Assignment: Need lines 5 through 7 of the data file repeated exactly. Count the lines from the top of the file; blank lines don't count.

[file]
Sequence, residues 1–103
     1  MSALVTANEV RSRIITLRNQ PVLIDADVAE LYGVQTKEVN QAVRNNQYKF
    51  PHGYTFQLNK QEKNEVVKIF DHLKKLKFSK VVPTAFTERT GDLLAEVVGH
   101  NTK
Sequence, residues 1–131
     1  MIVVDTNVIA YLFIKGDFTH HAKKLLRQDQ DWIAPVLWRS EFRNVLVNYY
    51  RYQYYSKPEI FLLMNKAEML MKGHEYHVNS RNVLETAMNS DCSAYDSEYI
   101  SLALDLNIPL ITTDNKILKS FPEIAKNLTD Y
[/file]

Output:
Sequence, residues 1–131
     1  MIVVDTNVIA YLFIKGDFTH HAKKLLRQDQ DWIAPVLWRS EFRNVLVNYY
    51  RYQYYSKPEI FLLMNKAEML MKGHEYHVNS RNVLETAMNS DCSAYDSEYI